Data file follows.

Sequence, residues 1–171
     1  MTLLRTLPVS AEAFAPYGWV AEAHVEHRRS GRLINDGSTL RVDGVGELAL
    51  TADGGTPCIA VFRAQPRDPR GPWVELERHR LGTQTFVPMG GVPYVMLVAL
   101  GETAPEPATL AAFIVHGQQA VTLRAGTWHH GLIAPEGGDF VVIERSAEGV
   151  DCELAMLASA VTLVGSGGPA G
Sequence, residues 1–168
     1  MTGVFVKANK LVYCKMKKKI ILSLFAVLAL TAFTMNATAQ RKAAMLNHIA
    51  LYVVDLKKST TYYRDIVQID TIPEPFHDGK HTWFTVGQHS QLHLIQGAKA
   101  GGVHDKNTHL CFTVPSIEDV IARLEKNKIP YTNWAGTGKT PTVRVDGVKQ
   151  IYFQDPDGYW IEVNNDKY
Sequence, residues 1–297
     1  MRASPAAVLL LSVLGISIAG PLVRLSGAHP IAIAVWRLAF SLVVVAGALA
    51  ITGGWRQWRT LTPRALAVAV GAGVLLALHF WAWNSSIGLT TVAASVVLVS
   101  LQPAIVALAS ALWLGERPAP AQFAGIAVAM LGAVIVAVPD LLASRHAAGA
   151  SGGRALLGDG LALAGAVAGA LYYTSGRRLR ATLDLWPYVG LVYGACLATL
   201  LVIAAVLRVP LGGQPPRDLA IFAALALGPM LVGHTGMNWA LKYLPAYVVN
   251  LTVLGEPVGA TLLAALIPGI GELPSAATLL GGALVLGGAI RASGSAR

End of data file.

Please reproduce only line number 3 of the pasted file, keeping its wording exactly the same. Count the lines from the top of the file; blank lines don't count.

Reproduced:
    51  TADGGTPCIA VFRAQPRDPR GPWVELERHR LGTQTFVPMG GVPYVMLVAL